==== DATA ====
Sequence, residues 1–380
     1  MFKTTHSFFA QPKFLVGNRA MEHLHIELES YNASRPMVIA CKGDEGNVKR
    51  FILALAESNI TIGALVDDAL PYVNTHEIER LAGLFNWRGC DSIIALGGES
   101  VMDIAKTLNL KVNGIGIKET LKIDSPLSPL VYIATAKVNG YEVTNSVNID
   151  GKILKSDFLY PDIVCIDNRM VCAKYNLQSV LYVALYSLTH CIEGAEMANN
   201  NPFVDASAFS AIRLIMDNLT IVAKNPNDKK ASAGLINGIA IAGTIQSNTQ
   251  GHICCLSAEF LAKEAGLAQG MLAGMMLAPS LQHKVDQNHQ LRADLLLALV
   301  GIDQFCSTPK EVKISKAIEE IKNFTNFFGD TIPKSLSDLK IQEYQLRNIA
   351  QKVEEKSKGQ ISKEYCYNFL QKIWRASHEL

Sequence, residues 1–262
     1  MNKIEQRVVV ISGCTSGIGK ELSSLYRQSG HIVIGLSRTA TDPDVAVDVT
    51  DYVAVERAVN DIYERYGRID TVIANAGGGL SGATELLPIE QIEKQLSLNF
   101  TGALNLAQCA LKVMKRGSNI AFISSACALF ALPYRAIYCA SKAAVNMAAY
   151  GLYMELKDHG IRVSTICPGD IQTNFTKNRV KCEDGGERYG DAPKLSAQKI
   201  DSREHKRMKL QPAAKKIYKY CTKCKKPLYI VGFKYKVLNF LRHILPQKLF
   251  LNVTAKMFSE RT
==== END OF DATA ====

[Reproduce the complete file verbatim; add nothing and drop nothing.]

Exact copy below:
Sequence, residues 1–380
     1  MFKTTHSFFA QPKFLVGNRA MEHLHIELES YNASRPMVIA CKGDEGNVKR
    51  FILALAESNI TIGALVDDAL PYVNTHEIER LAGLFNWRGC DSIIALGGES
   101  VMDIAKTLNL KVNGIGIKET LKIDSPLSPL VYIATAKVNG YEVTNSVNID
   151  GKILKSDFLY PDIVCIDNRM VCAKYNLQSV LYVALYSLTH CIEGAEMANN
   201  NPFVDASAFS AIRLIMDNLT IVAKNPNDKK ASAGLINGIA IAGTIQSNTQ
   251  GHICCLSAEF LAKEAGLAQG MLAGMMLAPS LQHKVDQNHQ LRADLLLALV
   301  GIDQFCSTPK EVKISKAIEE IKNFTNFFGD TIPKSLSDLK IQEYQLRNIA
   351  QKVEEKSKGQ ISKEYCYNFL QKIWRASHEL

Sequence, residues 1–262
     1  MNKIEQRVVV ISGCTSGIGK ELSSLYRQSG HIVIGLSRTA TDPDVAVDVT
    51  DYVAVERAVN DIYERYGRID TVIANAGGGL SGATELLPIE QIEKQLSLNF
   101  TGALNLAQCA LKVMKRGSNI AFISSACALF ALPYRAIYCA SKAAVNMAAY
   151  GLYMELKDHG IRVSTICPGD IQTNFTKNRV KCEDGGERYG DAPKLSAQKI
   201  DSREHKRMKL QPAAKKIYKY CTKCKKPLYI VGFKYKVLNF LRHILPQKLF
   251  LNVTAKMFSE RT